Pattern Mass: a centuries-old tradition carved in stone
The annual pattern Mass at Kilmakilloge on the Beara Peninsula – part ancient spiritual ritual, part secular knees-up – brings people in their hordes each year. What keeps them coming back?
The unofficial custodian
Eoin Downing is 85, and he is the unofficial custodian of the pattern sites, as both the mound and what remains of the lake are on his land. In his farmhouse after the pattern Mass, over ham and tomatoes, he recalls his earliest memories of the stories he heard about doing a pattern of the lake. He remembers when the lake was the “size of quarter of an acre”. Now, it is the size of his small kitchen.
“I used to hear about the woman who was blind, and her husband took her to the lake to the do the rounds. And didn’t she get her sight back, and what she saw first was a priest,” he says.
“My mother told me her mother told her that horses and carts used to be lined up near the field on pattern day. You’d be coming a long way, if you had a horse and cart. That was long before cars. They didn’t come for nothing. It’s hard to explain what brought people. Maybe they thought they’d be cured of something. They do the pattern because it’s tradition.”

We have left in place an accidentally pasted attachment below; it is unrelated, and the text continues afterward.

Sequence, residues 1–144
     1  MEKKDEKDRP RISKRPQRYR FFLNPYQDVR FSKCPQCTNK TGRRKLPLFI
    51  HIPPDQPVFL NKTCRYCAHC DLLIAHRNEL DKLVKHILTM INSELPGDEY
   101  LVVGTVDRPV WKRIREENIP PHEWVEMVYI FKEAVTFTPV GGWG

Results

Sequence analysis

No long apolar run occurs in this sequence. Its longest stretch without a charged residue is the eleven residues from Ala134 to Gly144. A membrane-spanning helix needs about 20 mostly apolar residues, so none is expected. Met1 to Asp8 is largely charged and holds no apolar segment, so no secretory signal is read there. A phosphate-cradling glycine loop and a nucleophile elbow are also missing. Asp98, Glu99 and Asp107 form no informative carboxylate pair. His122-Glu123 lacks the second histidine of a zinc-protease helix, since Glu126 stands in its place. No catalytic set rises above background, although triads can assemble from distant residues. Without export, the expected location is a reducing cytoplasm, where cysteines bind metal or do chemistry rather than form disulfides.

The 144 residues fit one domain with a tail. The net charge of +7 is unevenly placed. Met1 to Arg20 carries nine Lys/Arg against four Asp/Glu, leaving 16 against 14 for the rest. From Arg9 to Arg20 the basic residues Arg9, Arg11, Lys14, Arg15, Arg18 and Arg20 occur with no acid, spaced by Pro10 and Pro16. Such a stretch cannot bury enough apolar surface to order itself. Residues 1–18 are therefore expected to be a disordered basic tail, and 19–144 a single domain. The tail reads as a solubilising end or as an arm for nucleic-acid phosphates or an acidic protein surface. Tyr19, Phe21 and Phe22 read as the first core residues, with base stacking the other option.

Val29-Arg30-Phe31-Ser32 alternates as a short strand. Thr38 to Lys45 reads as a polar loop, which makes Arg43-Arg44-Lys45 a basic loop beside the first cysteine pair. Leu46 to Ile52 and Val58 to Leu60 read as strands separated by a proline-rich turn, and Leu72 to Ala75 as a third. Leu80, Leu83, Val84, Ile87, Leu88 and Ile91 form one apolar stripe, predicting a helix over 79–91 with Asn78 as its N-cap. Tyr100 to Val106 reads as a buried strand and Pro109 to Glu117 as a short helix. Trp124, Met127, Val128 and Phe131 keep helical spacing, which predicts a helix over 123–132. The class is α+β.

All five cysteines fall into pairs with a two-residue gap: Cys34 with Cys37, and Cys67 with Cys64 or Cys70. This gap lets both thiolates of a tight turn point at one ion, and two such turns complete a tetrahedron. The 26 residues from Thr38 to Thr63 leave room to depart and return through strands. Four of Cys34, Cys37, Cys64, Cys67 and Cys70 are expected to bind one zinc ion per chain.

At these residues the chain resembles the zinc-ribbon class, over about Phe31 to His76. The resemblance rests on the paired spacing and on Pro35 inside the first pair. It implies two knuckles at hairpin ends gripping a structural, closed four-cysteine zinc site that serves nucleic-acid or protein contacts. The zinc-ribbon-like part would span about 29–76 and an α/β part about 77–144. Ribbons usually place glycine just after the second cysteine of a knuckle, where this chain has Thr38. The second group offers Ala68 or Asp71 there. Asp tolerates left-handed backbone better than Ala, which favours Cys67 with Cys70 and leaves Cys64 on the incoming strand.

Like many long-standing rituals, people who observe them generally don’t tend to question why they do so. Puzzlement descends over everyone I ask in Kilmakilloge as to why they continue to make the pattern-day rounds. These are some of the answers I received over the evening.
“It’s what we’ve always done.”
“People travelled long distances to come here for the pattern, so there must be something in it.”
“Everyone takes their own meaning from it.”
“Isn’t it like doing the Camino: people do these things because there is some spiritual meaning in it for them?”
“Whatever it is, it’s not Christian at all, it’s pure pagan.”
“It’s about respect.”
“It’s our local tradition.”
Deep grooves in stone
After talking to Eoin Downing, I go back to the field where people had been doing their pattern rounds all day. The grooves of both stones with the deeply carved crosses in them are newly white with fresh markings. The grooves are the depth of my finger. They bring to mind the dip of spiral stone steps at castles, where centuries of treading feet have gradually worn away solid stone to show that people have long passed that way.